Gridlocked: Institutional Barriers and the Quest to Modernize the US Electrical Grid

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Daniel Esty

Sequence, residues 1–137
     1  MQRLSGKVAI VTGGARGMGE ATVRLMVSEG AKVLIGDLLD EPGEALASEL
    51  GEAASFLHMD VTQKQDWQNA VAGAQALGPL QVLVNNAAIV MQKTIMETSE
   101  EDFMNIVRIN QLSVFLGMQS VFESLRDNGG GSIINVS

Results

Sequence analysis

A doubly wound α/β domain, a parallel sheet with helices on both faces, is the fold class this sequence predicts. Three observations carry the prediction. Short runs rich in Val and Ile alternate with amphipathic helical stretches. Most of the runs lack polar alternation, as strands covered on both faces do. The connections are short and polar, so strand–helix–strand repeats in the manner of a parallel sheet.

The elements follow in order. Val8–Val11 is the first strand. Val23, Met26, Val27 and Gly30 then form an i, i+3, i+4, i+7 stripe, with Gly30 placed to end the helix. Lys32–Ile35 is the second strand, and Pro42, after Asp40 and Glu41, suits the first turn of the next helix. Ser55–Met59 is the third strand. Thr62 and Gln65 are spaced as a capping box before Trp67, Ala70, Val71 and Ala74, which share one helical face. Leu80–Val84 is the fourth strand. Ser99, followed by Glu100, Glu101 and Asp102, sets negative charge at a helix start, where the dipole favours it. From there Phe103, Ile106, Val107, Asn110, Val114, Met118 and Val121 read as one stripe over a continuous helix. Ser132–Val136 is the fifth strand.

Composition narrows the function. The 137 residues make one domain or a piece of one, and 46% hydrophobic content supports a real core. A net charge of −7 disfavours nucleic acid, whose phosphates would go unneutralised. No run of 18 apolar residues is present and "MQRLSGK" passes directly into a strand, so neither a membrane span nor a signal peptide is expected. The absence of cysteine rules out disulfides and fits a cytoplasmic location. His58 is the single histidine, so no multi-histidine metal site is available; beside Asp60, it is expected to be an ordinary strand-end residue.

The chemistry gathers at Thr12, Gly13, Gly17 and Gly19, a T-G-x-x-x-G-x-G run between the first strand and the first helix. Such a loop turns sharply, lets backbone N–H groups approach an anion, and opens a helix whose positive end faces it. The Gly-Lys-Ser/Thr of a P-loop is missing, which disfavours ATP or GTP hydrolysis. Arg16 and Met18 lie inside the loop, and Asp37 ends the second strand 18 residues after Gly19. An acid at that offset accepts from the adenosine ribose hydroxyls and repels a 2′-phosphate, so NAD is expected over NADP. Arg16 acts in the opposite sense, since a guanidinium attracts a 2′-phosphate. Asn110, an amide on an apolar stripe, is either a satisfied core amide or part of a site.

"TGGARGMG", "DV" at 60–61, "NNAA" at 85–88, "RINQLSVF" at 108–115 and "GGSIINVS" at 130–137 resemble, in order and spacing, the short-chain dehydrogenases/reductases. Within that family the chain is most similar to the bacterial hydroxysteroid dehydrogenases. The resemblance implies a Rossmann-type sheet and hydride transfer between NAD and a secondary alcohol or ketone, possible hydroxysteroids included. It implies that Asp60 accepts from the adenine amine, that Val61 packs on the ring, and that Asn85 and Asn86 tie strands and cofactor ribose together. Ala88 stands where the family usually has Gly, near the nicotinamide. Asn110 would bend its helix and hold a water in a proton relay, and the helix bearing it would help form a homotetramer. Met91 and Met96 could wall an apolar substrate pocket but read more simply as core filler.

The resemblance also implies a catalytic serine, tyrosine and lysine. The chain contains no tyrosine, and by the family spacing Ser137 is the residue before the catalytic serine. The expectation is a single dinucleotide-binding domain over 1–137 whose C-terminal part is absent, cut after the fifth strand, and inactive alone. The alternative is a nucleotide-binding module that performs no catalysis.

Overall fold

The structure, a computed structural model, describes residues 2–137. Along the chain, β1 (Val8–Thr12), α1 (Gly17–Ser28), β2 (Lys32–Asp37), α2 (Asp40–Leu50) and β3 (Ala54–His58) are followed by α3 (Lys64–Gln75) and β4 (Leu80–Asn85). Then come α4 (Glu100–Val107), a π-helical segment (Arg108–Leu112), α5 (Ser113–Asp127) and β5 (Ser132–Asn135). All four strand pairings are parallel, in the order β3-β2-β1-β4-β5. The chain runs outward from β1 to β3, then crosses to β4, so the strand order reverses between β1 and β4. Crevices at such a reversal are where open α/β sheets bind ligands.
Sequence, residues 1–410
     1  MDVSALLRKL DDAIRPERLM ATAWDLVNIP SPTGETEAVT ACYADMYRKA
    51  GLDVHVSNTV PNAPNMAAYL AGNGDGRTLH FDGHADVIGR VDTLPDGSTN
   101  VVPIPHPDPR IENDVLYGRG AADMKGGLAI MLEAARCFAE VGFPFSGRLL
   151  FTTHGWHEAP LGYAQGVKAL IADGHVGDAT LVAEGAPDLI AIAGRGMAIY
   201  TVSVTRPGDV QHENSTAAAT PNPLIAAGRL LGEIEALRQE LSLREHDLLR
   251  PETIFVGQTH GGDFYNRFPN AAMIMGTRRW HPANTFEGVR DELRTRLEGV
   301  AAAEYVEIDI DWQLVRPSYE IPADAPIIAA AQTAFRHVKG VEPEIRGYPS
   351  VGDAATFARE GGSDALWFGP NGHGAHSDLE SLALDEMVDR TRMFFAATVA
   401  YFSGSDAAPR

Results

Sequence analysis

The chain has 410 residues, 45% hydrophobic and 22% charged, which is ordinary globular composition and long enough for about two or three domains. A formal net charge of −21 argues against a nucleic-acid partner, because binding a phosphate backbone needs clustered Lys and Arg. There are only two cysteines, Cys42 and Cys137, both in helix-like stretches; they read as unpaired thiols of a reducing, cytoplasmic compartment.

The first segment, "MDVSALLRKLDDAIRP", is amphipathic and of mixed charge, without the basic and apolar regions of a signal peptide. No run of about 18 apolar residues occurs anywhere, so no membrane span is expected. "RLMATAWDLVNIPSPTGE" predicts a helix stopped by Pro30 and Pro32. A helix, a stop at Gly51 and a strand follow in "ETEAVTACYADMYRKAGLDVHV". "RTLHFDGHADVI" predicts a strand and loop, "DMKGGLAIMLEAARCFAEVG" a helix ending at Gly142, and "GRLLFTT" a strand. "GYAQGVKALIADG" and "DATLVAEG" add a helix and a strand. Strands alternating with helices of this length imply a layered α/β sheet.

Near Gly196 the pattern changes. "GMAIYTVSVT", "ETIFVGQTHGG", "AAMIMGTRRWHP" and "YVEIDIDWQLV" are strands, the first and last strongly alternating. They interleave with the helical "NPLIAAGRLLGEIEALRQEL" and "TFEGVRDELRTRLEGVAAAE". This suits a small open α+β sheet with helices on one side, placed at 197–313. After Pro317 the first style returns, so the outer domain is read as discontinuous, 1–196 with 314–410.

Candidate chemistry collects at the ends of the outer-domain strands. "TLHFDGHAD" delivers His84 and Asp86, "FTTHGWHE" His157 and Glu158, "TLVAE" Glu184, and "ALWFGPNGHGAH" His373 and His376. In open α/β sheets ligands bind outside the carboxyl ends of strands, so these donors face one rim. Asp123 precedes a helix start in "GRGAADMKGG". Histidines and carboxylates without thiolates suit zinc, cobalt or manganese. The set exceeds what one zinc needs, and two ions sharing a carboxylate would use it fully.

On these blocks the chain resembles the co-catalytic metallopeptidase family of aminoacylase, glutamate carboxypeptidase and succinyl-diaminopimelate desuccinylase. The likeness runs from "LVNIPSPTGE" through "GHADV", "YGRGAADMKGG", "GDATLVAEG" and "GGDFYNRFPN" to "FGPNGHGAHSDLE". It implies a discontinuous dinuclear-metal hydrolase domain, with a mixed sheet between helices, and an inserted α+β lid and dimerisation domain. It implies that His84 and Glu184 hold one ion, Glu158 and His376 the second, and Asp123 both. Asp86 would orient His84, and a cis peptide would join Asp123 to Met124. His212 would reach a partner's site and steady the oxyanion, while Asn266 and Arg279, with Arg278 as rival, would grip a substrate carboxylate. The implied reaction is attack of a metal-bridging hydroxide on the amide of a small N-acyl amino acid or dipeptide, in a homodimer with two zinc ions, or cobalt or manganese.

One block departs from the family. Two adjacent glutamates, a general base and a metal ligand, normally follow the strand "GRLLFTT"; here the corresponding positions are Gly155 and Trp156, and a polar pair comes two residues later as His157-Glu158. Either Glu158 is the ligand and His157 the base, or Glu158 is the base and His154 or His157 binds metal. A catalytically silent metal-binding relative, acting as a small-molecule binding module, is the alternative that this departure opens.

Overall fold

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The US electrical grid is in need of modernization in order to continue to serve the basic needs of the American people. On three important metrics, reliability, resiliency, and security, the grid falls short. In order to maintain the grid, the International Energy Agency estimates that over $2 trillion in investment is needed in grid infrastructure by 2035. This paper uses the work of Elinor Ostrom to inform a concept mapping approach to grid failures. Identifying the role, scale, values, and political influence of the grid’s stakeholders reveals divergent goals. A patchwork set of rules and jurisdictions has led to a complex regulatory environment. The conflicting interests of stakeholders and a diverse regulatory environment have created institutional barriers that stand in the way of modernizing the grid. In addition to improved reliability, resiliency, and security, grid modernization offers an opportunity to move towards a decarbonized energy supply. This paper addresses the need for grid modernization and identifies the institutional barriers that are slowing or preventing change.